Fernandez, "Malakas lang ang tama mo." When Webb, Lejano, and Ventura were already before the house, Webb told the others again that they would line up for Carmela but he would be the first. The others replied, "O sige, dito lang kami, magbabantay lang kami." Alfaro was the first to pass through the pedestrian gate that had been left open. Webb, Lejano, and Ventura followed her. On entering the garage, Ventura using a chair mounted the hood of the Vizcondes Nissan Sentra and loosened the electric bulb over it ("para daw walang ilaw"). The small group went through the open iron grill gate and passed the dirty kitchen. Carmela opened the aluminum screen door of the kitchen for them. She and Webb looked each other in the eyes for a moment and, together, headed for the dining area. As she lost sight of Carmela and Webb, Alfaro decided to go out. Lejano asked her where she was going and she replied that she was going out to smoke. As she eased her way out through the kitchen door, she saw Ventura pulling out a kitchen drawer. Alfaro smoked a cigarette at the garden. After about twenty minutes, she was surprised to hear a womans voice ask, "Sino yan?" Alfaro immediately walked out of the garden to her car. She found her other companions milling around it. Estrada who sat in the car asked her, "Okay ba?" After sitting in the car for about ten minutes, Alfaro returned to the Vizconde house, using the same route. The interior of the house was dark but some light filtered in from outside. In the kitchen, Alfaro saw Ventura searching a ladys bag that lay on the dining table. When she asked him what he was looking for, he said: "Ikaw na nga dito, maghanap ka ng susi." She asked him what key he wanted and he replied: "Basta maghanap ka ng susi ng main door pati na rin ng susi ng kotse." When she found a bunch of keys in the bag, she tried them on the main door but none fitted the lock. She also did not find the car key. Unable to open the main door, Alfaro returned to the kitchen. While she was at a spot leading to the dining area, she heard a static noise (like a television that remained on after the station had signed off). Out of curiosity, she approached the masters bedroom from where the noise came, opened the door a little, and peeked inside. The unusual sound grew even louder. As she walked in, she saw Webb on top of Carmela while she lay with her back on the floor. Two bloodied bodies lay on the bed. Lejano was at the foot of the bed about to wear his jacket. Carmela was gagged, moaning, and in tears while Webb raped her, his bare buttocks exposed. Webb gave Alfaro a meaningful look and she immediately left the room. She met Ventura at the dining area. He told her, "Prepare an escape. Aalis na tayo." Shocked with what she saw, Alfaro rushed out of the house to the others who were either sitting in her car or milling on the sidewalk. She entered her car and turned on the engine but she did not know where to go. Webb, Lejano, and Ventura came out of the house just then. Webb suddenly picked up a stone and threw it at the main door, breaking its glass frame. As the three men approached the pedestrian gate, Webb told Ventura that he forgot his jacket in the house. But Ventura told him that they could not get in anymore as the iron grills had already locked. They all rode in their cars and drove away until they reached Aguirre Avenue. As they got near an old hotel at the Tropical Palace area, Alfaro noticed the Nissan Patrol slow down. Someone threw something out of the car into the cogonal area. The convoy of cars went to a large house with high walls, concrete fence, steel gate, and a long driveway at BF Executive Village. They entered the compound and gathered at the lawn where the "blaming session" took place. It was here that Alfaro and those who remained outside the Vizconde house learned of what happened. The first to be killed was Carmelas mother, then Jennifer, and finally, Carmella. Ventura blamed Webb, telling him, "Bakit naman pati yung bata?" Webb replied that the girl woke up and on seeing him molesting Carmela, she jumped on him, bit his shoulders, and pulled his hair. Webb got mad, grabbed the girl, pushed her to the wall, and repeatedly stabbed her. Lejano excused himself at this point to use the telephone in the house. Meanwhile, Webb called up someone on his cellular phone. At around 2:00 in the morning, accused Gerardo Biong arrived. Webb ordered him to go and clean up the Vizconde house and said to him, "Pera lang ang katapat nyan." Biong answered, "Okay lang." Webb spoke to his companions and told them, "We dont know each other. We havent seen each otherbaka maulit yan." Alfaro and Estrada left and they drove to her fathers house.12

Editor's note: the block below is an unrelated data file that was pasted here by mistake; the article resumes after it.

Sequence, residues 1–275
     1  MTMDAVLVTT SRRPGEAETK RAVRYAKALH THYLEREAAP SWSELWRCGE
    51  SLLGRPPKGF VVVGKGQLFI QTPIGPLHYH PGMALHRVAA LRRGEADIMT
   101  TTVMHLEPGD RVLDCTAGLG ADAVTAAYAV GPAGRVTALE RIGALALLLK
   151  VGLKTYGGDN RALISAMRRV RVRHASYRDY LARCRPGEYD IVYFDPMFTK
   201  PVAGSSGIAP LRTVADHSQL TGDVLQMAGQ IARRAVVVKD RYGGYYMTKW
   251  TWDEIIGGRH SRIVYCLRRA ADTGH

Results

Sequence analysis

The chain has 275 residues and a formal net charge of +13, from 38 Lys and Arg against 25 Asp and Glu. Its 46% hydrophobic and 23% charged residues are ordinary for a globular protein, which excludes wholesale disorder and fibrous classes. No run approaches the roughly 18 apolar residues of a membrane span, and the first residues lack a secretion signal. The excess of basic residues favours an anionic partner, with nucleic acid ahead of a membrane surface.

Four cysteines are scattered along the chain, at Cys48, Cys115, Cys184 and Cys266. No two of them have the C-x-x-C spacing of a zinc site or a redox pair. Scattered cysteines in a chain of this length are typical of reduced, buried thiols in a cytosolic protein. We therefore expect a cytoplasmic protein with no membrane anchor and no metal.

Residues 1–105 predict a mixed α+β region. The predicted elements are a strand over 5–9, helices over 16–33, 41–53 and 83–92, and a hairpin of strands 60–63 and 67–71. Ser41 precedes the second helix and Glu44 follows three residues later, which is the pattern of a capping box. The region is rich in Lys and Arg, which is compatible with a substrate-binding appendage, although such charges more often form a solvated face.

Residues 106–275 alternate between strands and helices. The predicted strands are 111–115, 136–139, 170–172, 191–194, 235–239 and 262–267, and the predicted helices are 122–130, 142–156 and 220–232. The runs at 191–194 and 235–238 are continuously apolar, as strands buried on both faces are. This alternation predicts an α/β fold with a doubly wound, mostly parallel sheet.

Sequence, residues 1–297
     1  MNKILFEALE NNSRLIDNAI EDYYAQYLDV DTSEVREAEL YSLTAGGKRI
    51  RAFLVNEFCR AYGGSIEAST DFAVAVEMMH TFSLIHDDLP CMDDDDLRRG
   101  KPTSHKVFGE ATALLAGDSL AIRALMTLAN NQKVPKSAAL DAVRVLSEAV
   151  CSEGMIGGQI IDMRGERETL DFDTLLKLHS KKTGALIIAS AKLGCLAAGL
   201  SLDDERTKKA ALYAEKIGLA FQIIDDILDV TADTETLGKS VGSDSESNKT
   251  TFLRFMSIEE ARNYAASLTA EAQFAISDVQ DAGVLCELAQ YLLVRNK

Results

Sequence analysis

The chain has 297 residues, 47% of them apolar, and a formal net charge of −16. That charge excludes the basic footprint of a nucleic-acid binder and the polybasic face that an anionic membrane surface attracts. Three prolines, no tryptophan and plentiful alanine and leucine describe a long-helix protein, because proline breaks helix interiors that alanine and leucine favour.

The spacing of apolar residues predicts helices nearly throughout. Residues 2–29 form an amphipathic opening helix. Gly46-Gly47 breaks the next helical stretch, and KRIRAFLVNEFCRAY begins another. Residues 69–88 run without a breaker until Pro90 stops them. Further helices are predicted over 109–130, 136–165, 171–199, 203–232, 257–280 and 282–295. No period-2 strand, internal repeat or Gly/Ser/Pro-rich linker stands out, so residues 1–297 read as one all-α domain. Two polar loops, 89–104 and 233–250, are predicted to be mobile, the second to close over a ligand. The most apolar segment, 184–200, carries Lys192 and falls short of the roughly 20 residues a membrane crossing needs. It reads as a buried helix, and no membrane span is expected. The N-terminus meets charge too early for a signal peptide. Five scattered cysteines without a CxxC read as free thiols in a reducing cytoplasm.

1. The quality of the witness Was Alfaro an ordinary subdivision girl who showed up at the NBI after four years, bothered by her conscience or egged on by relatives or friends to come forward and do what was right? No. She was, at the time she revealed her story, working for the NBI as an "asset," a stool pigeon, one who earned her living by fraternizing with criminals so she could squeal on them to her NBI handlers. She had to live a life of lies to get rewards that would pay for her subsistence and vices. According to Atty. Artemio Sacaguing, former head of the NBI Anti-Kidnapping, Hijacking, and Armed Robbery Task Force (AKHAR) Section, Alfaro had been hanging around at the NBI since November or December 1994 as an "asset." She supplied her handlers with information against drug pushers and other criminal elements. Some of this information led to the capture of notorious drug pushers like Christopher Cruz Santos and Orlando Bacquir. Alfaros tip led to the arrest of the leader of the "Martilyo gang" that killed a police officer. Because of her talent, the task force gave her "very special treatment" and she became its "darling," allowed the privilege of spending nights in one of the rooms at the NBI offices. When Alfaro seemed unproductive for sometime, however, they teased her about it and she was piqued. One day, she unexpectedly told Sacaguing that she knew someone who had the real story behind the Vizconde massacre. Sacaguing showed interest. Alfaro promised to bring that someone to the NBI to tell his story. When this did not happen and Sacaguing continued to press her, she told him that she might as well assume the role of her informant. Sacaguing testified thus: ATTY. ONGKIKO: Q. Atty. Sacaguing, how did Jessica Alfaro become a witness in the Vizconde murder case? Will you tell the Honorable Court? xxxx A. She told me. Your Honor, that she knew somebody who related to her the circumstances, I mean, the details of the massacre of the Vizconde family. Thats what she told me, Your Honor. ATTY. ONGKIKO: Q. And what did you say? xxxx A. I was quite interested and I tried to persuade her to introduce to me that man and she promised that in due time, she will bring to me the man, and together with her, we will try to convince him to act as a state witness and help us in the solution of the case. xxxx Q. Atty. Sacaguing, were you able to interview this alleged witness? WITNESS SACAGUING: A. No, sir. ATTY. ONGKIKO: Q. Why not? WITNESS SACAGUING: A. Because Jessica Alfaro was never able to comply with her promise to bring the man to me. She told me later that she could not and the man does not like to testify. ATTY. ONGKIKO: Q. All right, and what happened after that?